Whoa, three weeks in a row! That is good for me. Hopefully I can keep it up.
Today’s post has to do with leadership. One of the things this reminds me of is the activity a teacher started by having his students write “I wish my teacher knew…” Some extended this to “I wish my parents knew…” and “I wish my principal knew…”
If I had any foresight, I might have interviewed some folks about what the principal should know. But, I didn’t. Sorry. So, I decided to steal from this post about this idea. These responses were from a WeAreTeachers survey and not necessarily reflective of my current or past administrators. I may be tenured, but I’m not stupid.
Treat us like professionals. This is a big one for our field, it seems. I am fortunate to be working for an administrator who does this. He understands that we have worked hard to get where we are, and that our time is valuable. It is very helpful when he is able to trust us to do our jobs, as professionals.
Be Positive. As the educational leader of our school, the positive attitude of the administration is good. Getting “called to the principal’s office” is still a source of anxiety for many of us. Because teaching is so difficult and emotionally draining at times, getting a realistic (and genuine) positive comment can be what helps us keep moving forward.
Lighten Our Workload– Not that our Admin doesn’t have enough on their plate, but helping us to lighten our load can boost moral and respect. There are many things that are a part of the natural ebb and flow of teaching, but lightening our workload (or not adding unnecessary things) can help the overwhelming-ness of teaching not seem so overwhelming.
We Want You to Provide Consequences/Discipline. One teacher mentioned wanting someone else to ‘be the bad guy’ sometimes can help. While we work our own classroom discipline plans, knowing we have the support of Admin on this issue can really help relieve some of the burden. Sometimes, another call home from the teacher is not going to help. Sometimes, we need that contact to be from someone else. That, we the teacher, are not simply picking on ‘their kid”.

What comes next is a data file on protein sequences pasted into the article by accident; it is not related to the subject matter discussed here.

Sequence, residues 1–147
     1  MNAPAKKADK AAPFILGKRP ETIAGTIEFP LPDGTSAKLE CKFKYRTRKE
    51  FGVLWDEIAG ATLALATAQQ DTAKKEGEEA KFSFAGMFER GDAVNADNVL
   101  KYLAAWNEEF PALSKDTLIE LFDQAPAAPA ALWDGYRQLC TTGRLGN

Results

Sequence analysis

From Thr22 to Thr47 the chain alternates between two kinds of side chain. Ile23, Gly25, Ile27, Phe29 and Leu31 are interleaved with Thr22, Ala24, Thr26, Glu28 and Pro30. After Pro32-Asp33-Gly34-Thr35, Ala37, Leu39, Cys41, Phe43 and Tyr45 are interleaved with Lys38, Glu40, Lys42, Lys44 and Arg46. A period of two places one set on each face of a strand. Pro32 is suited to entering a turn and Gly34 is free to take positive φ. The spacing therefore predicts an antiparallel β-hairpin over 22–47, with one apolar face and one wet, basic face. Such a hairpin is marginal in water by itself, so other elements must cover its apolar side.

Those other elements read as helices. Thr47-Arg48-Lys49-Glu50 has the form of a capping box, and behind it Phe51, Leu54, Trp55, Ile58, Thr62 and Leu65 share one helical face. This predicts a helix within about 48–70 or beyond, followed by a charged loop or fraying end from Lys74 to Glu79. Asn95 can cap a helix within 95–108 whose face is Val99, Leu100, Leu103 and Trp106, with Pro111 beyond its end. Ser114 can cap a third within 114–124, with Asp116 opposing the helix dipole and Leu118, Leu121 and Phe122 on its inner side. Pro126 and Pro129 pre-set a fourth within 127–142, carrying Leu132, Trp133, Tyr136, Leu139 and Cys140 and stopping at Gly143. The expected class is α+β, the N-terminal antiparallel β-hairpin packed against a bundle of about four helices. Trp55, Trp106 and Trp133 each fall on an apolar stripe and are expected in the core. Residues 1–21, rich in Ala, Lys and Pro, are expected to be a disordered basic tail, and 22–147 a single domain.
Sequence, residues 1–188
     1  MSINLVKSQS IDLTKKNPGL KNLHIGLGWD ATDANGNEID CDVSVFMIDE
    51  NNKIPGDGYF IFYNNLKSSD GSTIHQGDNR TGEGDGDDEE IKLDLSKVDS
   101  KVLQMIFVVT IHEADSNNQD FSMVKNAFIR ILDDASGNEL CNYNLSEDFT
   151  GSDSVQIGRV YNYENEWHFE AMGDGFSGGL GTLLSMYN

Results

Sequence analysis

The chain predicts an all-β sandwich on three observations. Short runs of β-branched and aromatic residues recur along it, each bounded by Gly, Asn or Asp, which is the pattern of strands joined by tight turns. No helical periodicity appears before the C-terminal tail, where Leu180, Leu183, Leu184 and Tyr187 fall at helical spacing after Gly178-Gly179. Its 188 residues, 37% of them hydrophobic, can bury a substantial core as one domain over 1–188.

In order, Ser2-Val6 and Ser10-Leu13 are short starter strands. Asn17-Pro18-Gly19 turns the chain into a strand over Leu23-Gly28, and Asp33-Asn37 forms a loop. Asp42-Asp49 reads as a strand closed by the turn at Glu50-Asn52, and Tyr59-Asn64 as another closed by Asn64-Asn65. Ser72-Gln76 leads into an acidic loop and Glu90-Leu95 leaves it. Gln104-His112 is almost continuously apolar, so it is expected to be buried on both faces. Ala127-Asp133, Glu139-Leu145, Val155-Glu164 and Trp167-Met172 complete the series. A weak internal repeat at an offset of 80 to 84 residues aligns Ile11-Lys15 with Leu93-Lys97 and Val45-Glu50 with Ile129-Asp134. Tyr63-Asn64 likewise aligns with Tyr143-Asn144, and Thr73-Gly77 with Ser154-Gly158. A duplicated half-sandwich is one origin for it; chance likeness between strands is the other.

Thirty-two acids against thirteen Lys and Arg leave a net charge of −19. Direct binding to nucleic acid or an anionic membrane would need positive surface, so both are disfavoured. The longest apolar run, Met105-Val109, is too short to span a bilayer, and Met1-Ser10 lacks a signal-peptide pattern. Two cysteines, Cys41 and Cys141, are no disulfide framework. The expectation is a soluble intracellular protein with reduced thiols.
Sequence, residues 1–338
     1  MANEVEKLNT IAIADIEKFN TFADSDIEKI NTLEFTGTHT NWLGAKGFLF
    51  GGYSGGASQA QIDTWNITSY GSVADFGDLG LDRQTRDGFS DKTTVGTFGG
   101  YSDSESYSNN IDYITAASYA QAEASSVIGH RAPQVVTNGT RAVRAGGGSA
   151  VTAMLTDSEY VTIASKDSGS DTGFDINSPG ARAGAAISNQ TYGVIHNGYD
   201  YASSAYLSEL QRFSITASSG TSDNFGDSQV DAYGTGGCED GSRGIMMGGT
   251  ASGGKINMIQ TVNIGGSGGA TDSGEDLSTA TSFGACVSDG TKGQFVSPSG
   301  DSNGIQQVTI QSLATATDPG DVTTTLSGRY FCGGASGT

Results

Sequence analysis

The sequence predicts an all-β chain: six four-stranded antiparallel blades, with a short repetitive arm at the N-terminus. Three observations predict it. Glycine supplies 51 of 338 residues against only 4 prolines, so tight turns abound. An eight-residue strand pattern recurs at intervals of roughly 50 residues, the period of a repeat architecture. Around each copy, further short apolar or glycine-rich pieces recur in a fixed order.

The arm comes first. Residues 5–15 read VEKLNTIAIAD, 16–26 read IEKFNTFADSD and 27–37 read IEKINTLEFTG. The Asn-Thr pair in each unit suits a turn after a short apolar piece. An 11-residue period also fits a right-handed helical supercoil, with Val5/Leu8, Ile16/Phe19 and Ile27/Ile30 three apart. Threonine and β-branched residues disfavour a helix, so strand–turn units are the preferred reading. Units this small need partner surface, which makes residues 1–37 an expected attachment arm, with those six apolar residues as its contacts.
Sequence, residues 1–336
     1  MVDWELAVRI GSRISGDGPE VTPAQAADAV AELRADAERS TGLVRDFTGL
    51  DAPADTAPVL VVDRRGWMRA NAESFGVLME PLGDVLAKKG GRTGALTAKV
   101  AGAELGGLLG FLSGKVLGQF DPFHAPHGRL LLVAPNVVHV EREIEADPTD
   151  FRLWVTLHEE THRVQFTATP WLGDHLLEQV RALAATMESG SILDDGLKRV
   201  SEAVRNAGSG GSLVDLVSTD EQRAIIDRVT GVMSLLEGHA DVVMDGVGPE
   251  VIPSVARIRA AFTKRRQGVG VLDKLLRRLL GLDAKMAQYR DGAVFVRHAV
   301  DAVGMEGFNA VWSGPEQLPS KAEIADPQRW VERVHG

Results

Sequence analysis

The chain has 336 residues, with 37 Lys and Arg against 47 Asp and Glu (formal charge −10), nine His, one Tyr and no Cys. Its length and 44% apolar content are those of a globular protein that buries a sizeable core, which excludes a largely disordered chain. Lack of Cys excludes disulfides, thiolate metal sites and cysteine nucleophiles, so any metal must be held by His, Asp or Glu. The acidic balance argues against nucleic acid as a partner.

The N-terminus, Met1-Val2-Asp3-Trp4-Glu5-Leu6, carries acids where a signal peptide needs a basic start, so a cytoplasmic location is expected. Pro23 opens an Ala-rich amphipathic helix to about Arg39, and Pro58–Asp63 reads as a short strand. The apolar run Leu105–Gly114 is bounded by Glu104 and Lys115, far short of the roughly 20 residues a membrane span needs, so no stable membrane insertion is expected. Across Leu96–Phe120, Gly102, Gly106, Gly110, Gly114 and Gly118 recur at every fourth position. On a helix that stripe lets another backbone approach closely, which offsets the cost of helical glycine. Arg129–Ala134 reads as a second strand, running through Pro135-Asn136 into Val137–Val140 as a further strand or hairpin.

We Appreciate You. Sometimes, as teachers, it can be tempting to see the admin in an adversarial role. Sometimes this is our own issues; sometimes it is because of the leadership style of the admin. No matter what your leader “looks like”, let them know you appreciate them.
They are often the one parents call. They also have a boss and have expectations given to them that they have no control over, just like us. They mess up. They forget stuff. We should be able to empathize with that and sometimes we should: treat them like a professional, trusting that they have our students’ interests in mind, be positive. They get a bunch of stuff too. They lead our school, the best they know how. They are often still learning, too. Give them some grace, too.
We are leaders, whether it is over a school or our classrooms. We are in this together.
That’s better than the morning of. 🙂 Hopefully your break was relaxing and refreshing.
Everyone’s doing it!